“It was the first time I realized that painting could capture the Word of God, speak into people’s lives and give me the opportunity to share my faith.”

Janice T. (Alliance & Short-term team member)

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Every day all around the globe, artists on mission are creating, cultivating, and contributing in their communities. As they seek to see their art used in the work the Lord is doing, we want to share their stories to encourage and inspire.
This blog is a place to read those stories, giving you a glimpse into how the Lord is using the arts around the world.
Wednesday, 25 August 2021 21:20

An Interview with Colin Harbinson: More Adventures Abroad

Written by Hollen Hostetler and Colin Harbinson
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Last week, we shared more of the story of Colin Harbinson. Colin has been involved with Inspiro for a number of years, and he has served internationally in numerous countries. Last time, we told you some of his stories from Russia and Bulgaria. Today, we will share about his time in China and the Amazon! 

Colin was invited to travel to the Amazon to visit a Stone Age tribe after choreographing Dayuma, a dance-theater production about their story. Dayuma was the name of the first member of the Huaorani to become a Jesus-follower after the martyrdom of five young American missionaries and the endeavors of Rachel Saint and Elisabeth Eliot. Colin wrote the production from the tribal perspective incorporating their dances, singing, and language. After the show had been performed in several countries, Wycliffe Bible Translators contacted Colin about partnering with them in the United States to raise awareness for 20 unfinished translation projects. Under the banner of “2020 Vision,” Colin and the dancers took the show to twenty (plus one) cities, performing and challenging each audience to help with a specific translation project. Within five years, all 20 Bible translations had been completed.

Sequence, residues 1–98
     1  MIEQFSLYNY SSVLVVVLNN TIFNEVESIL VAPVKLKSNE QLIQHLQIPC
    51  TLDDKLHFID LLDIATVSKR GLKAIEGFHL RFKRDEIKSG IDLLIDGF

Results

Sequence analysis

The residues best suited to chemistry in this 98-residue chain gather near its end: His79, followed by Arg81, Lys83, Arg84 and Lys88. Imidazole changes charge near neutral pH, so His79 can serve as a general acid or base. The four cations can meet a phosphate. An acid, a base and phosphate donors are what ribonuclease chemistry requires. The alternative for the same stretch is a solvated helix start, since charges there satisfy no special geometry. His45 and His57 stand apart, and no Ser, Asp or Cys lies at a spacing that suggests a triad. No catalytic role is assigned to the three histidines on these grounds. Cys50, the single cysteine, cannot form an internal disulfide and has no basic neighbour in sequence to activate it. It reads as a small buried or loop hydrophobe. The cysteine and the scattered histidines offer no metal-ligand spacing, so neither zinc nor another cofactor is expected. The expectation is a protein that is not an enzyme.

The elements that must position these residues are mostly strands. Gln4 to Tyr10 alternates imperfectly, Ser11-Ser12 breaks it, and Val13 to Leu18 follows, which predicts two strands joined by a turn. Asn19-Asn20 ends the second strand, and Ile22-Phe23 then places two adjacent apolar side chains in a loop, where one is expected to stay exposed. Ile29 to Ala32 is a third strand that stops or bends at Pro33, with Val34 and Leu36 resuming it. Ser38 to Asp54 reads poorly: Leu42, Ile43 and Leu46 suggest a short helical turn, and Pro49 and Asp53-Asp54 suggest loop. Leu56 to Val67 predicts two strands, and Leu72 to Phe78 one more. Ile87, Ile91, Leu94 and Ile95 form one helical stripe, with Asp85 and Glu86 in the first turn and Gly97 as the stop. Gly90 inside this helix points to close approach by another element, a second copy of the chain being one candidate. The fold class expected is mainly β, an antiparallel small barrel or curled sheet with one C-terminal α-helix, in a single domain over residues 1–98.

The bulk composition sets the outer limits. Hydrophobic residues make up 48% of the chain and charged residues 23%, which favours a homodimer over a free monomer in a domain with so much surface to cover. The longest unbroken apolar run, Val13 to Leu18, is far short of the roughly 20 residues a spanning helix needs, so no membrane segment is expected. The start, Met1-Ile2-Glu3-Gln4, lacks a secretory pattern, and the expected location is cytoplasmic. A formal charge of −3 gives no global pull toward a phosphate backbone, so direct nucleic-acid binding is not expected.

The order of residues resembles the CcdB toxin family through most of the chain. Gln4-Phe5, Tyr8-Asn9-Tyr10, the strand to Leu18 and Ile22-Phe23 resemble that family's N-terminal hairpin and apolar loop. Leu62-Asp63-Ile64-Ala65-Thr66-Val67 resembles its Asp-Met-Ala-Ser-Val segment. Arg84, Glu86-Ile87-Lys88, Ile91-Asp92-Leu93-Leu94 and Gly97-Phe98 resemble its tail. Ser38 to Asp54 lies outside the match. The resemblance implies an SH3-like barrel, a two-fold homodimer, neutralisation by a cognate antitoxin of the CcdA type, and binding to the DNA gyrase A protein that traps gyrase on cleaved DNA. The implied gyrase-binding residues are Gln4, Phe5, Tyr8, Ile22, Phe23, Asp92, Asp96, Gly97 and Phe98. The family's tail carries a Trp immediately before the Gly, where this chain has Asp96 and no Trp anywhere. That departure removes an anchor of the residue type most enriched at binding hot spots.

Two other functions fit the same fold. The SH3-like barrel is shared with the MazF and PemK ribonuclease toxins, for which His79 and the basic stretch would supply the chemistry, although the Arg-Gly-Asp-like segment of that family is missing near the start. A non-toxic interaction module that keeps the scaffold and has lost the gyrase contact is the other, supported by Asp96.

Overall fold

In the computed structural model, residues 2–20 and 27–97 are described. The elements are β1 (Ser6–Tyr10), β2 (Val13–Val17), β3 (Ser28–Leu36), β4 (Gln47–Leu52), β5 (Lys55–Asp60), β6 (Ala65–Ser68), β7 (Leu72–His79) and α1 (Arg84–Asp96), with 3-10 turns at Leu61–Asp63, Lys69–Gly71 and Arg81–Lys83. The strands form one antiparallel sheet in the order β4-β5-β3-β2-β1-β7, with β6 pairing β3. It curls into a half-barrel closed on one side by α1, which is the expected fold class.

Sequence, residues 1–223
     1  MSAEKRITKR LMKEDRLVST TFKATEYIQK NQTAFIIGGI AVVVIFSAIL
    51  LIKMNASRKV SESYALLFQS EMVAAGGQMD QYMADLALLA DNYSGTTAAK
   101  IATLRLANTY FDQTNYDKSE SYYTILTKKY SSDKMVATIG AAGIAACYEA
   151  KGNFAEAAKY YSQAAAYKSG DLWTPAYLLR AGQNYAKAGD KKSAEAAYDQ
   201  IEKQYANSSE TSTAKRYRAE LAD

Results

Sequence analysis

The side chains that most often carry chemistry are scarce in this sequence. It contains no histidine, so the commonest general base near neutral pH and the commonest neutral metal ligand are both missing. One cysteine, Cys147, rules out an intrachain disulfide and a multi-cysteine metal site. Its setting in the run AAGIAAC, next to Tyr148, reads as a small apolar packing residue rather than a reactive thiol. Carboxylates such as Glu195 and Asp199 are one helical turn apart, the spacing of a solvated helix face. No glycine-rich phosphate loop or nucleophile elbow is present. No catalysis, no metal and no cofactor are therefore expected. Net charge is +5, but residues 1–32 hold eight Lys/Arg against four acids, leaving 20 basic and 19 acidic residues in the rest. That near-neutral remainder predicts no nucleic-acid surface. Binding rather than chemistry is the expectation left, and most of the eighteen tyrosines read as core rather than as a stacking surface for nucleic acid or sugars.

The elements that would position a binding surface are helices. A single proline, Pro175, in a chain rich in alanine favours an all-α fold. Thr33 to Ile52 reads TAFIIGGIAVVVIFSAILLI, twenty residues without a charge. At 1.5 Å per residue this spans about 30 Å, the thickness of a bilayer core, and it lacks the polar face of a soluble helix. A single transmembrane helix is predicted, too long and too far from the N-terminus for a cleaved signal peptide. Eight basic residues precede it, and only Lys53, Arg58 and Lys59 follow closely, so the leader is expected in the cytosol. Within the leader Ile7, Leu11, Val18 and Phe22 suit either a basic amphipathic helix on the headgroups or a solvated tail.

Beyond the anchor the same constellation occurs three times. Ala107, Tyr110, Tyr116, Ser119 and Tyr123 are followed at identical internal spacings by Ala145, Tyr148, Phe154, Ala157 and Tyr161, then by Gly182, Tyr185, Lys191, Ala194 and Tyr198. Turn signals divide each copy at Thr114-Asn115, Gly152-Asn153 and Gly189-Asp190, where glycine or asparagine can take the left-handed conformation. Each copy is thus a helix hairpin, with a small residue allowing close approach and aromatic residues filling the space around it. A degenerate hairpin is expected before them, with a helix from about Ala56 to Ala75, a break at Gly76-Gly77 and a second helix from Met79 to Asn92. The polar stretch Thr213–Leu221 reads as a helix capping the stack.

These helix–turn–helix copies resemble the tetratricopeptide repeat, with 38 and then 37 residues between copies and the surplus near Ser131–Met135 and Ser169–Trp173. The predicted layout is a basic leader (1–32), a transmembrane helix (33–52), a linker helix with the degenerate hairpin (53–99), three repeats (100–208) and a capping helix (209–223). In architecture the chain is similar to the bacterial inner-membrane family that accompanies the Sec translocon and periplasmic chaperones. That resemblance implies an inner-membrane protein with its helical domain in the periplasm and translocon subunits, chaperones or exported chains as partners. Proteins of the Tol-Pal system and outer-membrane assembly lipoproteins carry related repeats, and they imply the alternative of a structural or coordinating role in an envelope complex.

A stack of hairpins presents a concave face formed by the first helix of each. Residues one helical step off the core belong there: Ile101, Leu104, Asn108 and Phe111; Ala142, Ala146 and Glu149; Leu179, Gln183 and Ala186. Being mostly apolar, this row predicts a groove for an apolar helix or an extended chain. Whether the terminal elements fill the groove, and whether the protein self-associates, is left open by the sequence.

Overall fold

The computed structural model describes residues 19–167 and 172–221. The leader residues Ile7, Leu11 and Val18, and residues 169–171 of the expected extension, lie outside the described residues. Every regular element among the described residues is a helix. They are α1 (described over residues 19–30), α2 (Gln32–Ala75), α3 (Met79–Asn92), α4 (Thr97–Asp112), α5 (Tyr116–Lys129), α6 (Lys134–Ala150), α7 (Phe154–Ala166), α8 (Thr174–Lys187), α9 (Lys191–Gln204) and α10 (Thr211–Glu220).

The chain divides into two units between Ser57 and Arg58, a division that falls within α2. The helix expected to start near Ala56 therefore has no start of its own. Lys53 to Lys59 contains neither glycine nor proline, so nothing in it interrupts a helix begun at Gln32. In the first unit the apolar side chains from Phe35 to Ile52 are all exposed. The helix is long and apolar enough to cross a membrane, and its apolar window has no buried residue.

Colin also had the unique opportunity to debut the show to Dayuma herself. He contacted Rachel Saint about the possibility of traveling with Dayuma to see the Canadian premiere of the show. She responded that they had already purchased their plane tickets to come. To respect Dayuma and give her the best possible experience, they did a special, private show for just her and Rachel. As Colin watched, he noticed Dayuma sometimes laughing and sometimes crying as she watched the story of her life unfold. After seeing the show, Dayuma herself shared that she felt moved to go quickly back to the Amazon and take “God’s carving” (the Bible) to other downriver tribes. It was clear that God had used the performance in miraculous ways, touching hearts and lives as only He could.

Two years later, when Colin arrived in China along with 300 artists from 20 countries, they were greeted by government leaders. At the same time, one hundred people from regional tribal groups dressed in full regalia danced them to their bus. At every bridge they came to, there were banners hung welcoming them to the country. This was yet another example to Colin of how the arts offer the opportunity to transcend barriers. Colin had organized a historic performance of Handel’s Messiah. A Canadian conductor rehearsed the best orchestra in that region, together with a Canadian choir and both Chinese and international soloists. The words of Messiah (Scripture!) were translated into Chinese and projected onto electronic screens for the audience. In April 1999, on the 10th anniversary of the infamous Tiananmen Square Massacre, Messiah was performed for an audience of 1,000 plus people. Colin recounts that everyone he saw in the audience was weeping by the end of the performance. A communist newspaper headline the next day declared “Messiah Touches Hearts,” and people were invited to write in about how Messiah had touched them. Those stories were then published.

Check back in a few days for the next article on Colin, telling the story of his theatre production Toymaker and Son and its exciting new adaptation into a book!

Last modified on Friday, 27 August 2021 20:52